Other objects of the invention will in part be obvious and will in part appear hereinafter.

For a more complete understanding of the nature and objects of the invention, reference should be had to the specification and the figures of the drawing, in which:

Figure 1 is a partly broken plan view showing a form of circuit breaker employing certain features of the invention;

Fig. 2 is an end view of a plurality of sheets of material embodying the invention;

Fig. 3 is a sectional view of an insulating member embodying a modification of the invention; and

Fig. 4 is a side elevation of a further modification 01 the invention.

According to this invention, it has been discovered that melamine resins are remarkably resistant to the influence of electrical discharges materials which are normally unsatisfactory when subjected to arcing or high voltage due to their surface characteristics, may be coated with the melamine resins and when so coated, the insulation exhibits greatly improved electrically insulating properties.

In producing the invention, it has been found most desirable to employ resins prepared from melamine reacted with aldehydes. A particularly good resin for electrical insulation is produced by reacting melamine and formaldehyde. Other aldehydes may be reacted with melamine to produce equally desirable material. more, melamine may be combined with varying quantities of formaldehyde reacting compounds such, for example, as thiourea and urea, preferably the major proportion being melamine and then the mixture reacted with an aldehyde to produce composite resinous materials suitable for the purpose of the invention.

Melamine may be reacted with an aldehyde in a reaction vessel in the presence of an alcohol according to well known chemical practice to produce a partially condensed product readily soluble in organic solvents. The condensed product may be dissolved in solvents of the benzenoid type to produce solutions of low viscosity suitable for treating fibrous material. Other methods of reacting melamine with aldehydes are known and may be used in producing a resin useful for the Practice "of the invention.

Papen cloth', asbestos cloth, wood fibers, glass fibers andother synthetic and natural fibrous mathe melamine resin is present at thesurfaces to be subjected to electrical discharge and the whole consolidated under pressure and temperature for a period of time to produce a thermoset product.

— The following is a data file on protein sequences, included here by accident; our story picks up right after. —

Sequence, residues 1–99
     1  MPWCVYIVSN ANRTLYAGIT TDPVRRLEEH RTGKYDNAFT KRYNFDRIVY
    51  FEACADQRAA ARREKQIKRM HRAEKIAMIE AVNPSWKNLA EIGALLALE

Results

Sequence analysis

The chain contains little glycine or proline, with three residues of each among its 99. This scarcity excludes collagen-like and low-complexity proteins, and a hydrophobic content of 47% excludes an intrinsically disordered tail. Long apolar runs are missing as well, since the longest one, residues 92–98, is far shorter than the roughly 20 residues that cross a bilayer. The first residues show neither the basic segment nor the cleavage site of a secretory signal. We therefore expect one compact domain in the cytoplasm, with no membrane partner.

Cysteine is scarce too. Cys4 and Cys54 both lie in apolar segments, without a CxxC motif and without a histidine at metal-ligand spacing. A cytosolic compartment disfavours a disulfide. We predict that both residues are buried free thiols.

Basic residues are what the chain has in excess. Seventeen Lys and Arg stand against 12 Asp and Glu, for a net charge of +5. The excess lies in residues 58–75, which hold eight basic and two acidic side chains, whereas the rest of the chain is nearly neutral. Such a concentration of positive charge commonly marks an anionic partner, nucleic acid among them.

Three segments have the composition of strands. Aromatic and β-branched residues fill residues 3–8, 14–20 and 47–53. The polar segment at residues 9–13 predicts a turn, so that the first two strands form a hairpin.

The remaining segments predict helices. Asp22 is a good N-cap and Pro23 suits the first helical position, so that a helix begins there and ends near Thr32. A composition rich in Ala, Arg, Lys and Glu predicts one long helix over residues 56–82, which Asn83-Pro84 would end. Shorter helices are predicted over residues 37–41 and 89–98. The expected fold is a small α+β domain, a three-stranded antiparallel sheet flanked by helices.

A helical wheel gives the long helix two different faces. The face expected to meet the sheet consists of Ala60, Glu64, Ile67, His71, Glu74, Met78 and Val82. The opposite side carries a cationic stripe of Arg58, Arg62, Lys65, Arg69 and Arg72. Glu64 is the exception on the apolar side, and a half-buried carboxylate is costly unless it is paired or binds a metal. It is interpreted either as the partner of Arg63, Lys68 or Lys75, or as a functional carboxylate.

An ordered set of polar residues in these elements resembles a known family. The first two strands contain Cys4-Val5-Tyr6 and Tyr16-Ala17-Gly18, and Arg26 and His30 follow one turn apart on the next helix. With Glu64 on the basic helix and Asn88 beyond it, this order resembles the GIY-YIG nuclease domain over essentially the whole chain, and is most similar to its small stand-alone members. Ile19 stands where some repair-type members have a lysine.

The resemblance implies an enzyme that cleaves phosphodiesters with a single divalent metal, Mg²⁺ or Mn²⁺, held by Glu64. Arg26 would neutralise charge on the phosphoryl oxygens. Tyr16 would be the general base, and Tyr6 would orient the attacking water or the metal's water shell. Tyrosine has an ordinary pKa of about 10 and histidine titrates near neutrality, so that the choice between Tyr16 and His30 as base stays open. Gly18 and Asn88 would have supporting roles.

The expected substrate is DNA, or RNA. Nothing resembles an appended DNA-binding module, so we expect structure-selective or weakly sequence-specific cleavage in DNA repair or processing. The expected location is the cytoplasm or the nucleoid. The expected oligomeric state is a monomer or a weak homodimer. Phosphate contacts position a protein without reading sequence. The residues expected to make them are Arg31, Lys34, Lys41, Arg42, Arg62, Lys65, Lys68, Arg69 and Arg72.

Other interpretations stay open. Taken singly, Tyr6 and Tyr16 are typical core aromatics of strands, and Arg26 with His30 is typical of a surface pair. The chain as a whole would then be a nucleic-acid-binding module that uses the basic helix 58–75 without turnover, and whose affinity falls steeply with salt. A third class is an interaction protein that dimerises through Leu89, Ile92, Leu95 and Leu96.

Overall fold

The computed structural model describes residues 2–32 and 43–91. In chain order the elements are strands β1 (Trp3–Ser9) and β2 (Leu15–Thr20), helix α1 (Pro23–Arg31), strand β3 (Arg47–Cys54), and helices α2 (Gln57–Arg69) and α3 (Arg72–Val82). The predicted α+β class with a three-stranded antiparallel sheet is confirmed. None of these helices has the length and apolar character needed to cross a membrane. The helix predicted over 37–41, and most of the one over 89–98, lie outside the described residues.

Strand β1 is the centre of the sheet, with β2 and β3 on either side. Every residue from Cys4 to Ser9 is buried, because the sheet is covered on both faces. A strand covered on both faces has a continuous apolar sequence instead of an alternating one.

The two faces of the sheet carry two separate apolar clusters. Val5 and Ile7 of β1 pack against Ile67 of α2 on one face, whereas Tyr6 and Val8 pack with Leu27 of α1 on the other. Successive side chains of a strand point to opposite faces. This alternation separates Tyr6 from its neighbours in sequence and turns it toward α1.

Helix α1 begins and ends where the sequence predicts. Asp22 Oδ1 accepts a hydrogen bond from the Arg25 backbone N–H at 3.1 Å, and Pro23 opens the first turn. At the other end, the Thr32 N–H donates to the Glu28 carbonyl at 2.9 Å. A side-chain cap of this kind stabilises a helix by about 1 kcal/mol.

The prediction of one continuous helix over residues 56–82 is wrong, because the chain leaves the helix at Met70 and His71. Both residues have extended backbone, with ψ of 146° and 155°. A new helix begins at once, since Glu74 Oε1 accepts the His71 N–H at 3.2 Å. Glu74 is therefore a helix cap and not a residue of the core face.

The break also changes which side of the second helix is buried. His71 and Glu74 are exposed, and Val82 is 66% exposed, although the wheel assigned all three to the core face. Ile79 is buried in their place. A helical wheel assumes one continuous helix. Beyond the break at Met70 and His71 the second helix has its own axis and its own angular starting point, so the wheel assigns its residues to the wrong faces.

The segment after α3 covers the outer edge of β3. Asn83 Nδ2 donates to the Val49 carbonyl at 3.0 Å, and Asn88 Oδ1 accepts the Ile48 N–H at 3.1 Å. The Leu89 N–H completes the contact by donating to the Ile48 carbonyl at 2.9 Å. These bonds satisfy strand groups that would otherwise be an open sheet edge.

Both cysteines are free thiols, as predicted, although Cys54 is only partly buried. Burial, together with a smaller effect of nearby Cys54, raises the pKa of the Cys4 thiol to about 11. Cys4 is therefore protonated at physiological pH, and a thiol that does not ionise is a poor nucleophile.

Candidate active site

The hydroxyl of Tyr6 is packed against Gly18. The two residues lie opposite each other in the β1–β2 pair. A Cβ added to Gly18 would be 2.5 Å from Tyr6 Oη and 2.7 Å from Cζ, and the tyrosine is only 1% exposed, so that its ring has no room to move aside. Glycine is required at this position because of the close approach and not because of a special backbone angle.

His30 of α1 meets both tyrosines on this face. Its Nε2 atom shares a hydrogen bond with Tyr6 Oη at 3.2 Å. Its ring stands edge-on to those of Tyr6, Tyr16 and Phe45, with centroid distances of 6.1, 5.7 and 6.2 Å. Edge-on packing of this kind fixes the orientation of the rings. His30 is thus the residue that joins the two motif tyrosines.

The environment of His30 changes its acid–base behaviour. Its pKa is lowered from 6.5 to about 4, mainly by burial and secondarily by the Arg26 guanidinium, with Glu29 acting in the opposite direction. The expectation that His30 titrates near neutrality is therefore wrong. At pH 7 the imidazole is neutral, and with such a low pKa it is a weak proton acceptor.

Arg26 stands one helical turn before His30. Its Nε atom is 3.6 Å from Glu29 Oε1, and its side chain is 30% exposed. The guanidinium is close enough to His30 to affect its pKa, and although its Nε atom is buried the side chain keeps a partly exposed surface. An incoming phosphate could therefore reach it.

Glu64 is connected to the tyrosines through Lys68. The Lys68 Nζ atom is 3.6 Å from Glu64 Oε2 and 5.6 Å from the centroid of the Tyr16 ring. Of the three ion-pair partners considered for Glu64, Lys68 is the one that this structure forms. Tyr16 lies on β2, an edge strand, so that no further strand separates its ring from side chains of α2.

Under some conditions, the partially reacted resin may be employed in the form of solid granules or as a powder or molding composition, combined with fibrous materials or not, as requirements demand. The pulverized, solid melamine resin may be subjected to elevated temperature and pressure in molds to produce predetermined shaped members.

The melamine resin sets to an infusible state in molding operations when subjected to temperatures of from 135 C. to 180 C. for brief periods of time, preferably at pressures of 1000 pounds per square inch and higher. When applied as a surface varnish, the melamine resins may be hardened to a thermoset state by the use of heat at temperatures of up to 500 C. for a few minutes.

Referring to Fig. l of the drawing, there is shown a. fragmentary view, partly in section, of a circuit breaker structure l0, of a type such as has been successfully operated at ratings of 2,500,000 kv.-a. In the circuit breaker lo a plurality of arc splitter plates iii are maintained through the agency of plate 12 and other supporting members in a fan-shaped arrangement spreading out from a. block I4 in which contact members are arranged and to which a conduit (not shown) carries a stream of compressed air. In block l4, electrical contact members carrying current of the order above specified at high voltage are separated during operation of breaker in, thereby creating an arc of exceedingly high intensity. During separation of the arcing contacts a blastofcompressed air is directed against the are within block l4 so produced whereby the arc is blown against the tips l8 of the arc splitter plates IS. The are is guided by the splitter plates l6 into the fanshaped arrangement of spaces between plates 16 to such a distance that the arc breaks up into separate small sections and is extinguished.